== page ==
Teaching Kids Financial Wellness

Financial literacy is an important skill for kids to have. Enhance your child's financial wellness with these ideas.

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Financial literacy is touched upon in most schools, but many children don’t get the education they need when it comes to learning about managing their money or paying taxes. That’s why it’s so important for parents to talk about money and to teach their children about different concepts like receiving and spending an allowance, or utilizing toys and fun games that introduce money skills.


Because it’s never too early to learn the value of the dollar, Parenting with Focus has lots of tips and resources to help you get your kids off to a great, responsible start.


Talk About the Benefits of Ownership


HGTV points out that owning a home comes with a lot of advantages, including financial security. There are several considerations to make with either buying or selling, such as where the current market stands and how many homes are available in different areas. Talk to your child about how they can make the most of the buying process when they’re ready.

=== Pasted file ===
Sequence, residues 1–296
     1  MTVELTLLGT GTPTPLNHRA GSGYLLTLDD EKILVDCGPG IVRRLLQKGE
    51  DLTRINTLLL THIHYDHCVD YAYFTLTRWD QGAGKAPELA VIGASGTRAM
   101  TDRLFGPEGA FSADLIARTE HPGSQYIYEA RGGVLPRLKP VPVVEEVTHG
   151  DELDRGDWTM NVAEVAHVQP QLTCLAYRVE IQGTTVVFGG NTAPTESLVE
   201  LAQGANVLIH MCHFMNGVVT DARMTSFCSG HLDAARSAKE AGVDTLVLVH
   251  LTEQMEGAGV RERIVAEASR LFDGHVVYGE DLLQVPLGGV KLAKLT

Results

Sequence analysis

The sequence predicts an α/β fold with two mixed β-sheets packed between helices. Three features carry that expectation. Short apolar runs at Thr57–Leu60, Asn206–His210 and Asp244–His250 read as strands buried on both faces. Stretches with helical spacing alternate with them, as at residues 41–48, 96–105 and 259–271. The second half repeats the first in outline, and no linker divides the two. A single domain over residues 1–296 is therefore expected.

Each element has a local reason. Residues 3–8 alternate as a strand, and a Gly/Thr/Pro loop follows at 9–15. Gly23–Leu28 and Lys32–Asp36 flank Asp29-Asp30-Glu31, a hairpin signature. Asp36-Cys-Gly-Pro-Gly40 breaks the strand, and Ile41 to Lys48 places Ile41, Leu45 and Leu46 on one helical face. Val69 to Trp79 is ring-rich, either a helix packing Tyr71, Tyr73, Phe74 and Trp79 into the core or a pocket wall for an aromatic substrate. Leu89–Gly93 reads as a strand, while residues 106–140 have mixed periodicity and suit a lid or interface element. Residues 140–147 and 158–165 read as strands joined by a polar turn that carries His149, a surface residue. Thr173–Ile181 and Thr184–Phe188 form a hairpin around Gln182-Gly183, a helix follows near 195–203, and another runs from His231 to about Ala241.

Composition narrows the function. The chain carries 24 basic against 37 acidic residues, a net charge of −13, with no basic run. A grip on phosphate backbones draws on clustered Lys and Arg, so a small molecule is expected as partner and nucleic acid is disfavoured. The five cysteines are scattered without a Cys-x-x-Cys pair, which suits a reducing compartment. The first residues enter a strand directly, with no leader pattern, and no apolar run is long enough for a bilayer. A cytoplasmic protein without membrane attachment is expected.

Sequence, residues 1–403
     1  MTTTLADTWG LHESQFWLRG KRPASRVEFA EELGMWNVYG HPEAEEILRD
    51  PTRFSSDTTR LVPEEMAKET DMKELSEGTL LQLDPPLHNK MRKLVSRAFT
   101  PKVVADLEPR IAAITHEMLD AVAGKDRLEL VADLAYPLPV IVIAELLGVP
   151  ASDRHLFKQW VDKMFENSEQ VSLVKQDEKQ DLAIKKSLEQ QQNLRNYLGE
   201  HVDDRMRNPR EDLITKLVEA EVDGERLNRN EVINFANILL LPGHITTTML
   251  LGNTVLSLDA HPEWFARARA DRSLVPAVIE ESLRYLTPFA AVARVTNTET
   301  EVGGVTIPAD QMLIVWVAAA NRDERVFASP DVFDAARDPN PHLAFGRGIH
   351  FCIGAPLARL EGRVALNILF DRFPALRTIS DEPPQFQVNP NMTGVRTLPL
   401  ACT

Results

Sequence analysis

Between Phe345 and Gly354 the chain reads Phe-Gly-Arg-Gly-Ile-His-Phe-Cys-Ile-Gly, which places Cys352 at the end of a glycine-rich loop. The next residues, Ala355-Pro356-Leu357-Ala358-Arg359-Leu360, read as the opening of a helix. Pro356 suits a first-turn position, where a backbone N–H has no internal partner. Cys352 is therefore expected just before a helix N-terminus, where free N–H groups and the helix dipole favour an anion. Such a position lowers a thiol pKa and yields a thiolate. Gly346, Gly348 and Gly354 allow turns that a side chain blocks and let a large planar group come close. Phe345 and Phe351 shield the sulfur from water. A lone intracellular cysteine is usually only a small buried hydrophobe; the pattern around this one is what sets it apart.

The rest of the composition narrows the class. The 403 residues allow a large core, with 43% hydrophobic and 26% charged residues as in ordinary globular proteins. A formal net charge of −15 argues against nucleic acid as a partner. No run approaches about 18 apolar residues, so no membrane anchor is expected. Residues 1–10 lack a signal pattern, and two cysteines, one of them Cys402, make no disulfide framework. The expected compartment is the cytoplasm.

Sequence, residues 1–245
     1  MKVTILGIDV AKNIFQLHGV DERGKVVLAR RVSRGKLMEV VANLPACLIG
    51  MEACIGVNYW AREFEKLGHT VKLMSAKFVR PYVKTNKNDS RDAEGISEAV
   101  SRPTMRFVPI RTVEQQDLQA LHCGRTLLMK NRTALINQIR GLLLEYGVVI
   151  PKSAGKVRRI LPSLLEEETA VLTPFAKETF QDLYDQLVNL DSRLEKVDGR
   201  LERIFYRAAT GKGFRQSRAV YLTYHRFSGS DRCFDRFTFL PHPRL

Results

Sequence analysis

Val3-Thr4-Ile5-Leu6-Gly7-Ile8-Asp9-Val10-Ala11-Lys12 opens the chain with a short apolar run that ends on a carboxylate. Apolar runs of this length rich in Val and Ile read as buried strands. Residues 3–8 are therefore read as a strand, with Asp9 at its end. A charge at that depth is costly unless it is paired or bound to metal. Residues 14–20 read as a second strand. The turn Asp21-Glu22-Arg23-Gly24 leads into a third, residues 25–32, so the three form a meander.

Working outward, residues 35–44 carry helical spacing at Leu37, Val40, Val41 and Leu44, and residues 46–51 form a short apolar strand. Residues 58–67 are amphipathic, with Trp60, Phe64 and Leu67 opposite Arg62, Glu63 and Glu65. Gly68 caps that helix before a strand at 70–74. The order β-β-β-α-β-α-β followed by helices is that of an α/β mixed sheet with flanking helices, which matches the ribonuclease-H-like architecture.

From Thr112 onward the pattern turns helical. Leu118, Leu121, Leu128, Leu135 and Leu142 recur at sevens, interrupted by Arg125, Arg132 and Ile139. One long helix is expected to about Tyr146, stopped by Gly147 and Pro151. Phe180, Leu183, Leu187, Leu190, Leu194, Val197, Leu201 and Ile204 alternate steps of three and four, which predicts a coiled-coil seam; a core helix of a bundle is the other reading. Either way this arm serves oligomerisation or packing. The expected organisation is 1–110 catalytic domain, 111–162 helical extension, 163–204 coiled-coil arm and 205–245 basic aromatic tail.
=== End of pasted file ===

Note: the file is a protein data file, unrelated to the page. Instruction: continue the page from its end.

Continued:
Give Them Options


Like financial concepts, careers are often touched upon in many schools, but entrepreneurship is typically not a focus. Talk to your kids about the benefits of starting their own business and why it’s important to look for various types of funding. Teach them that, despite our best wishes, money doesn’t grow on trees!


Fundable notes that crowdfunding is a popular concept that more and more young people are beginning to understand. To capitalize on this, you can also discuss angel investors, as well as what a loan is and how to actually apply for one.


Many kids are interested in the idea of making their own money, so look for ways to help your child get started with their own business, such as making and selling baked goods. You can also encourage them to keep track of their expenses and income using a simple app. It’s all about learning about finances and making it fun. After all, the more fun they have, the more engaged they become, which is a recipe for long-term success.



Read more articles by Janice Russell at Parenting Disasters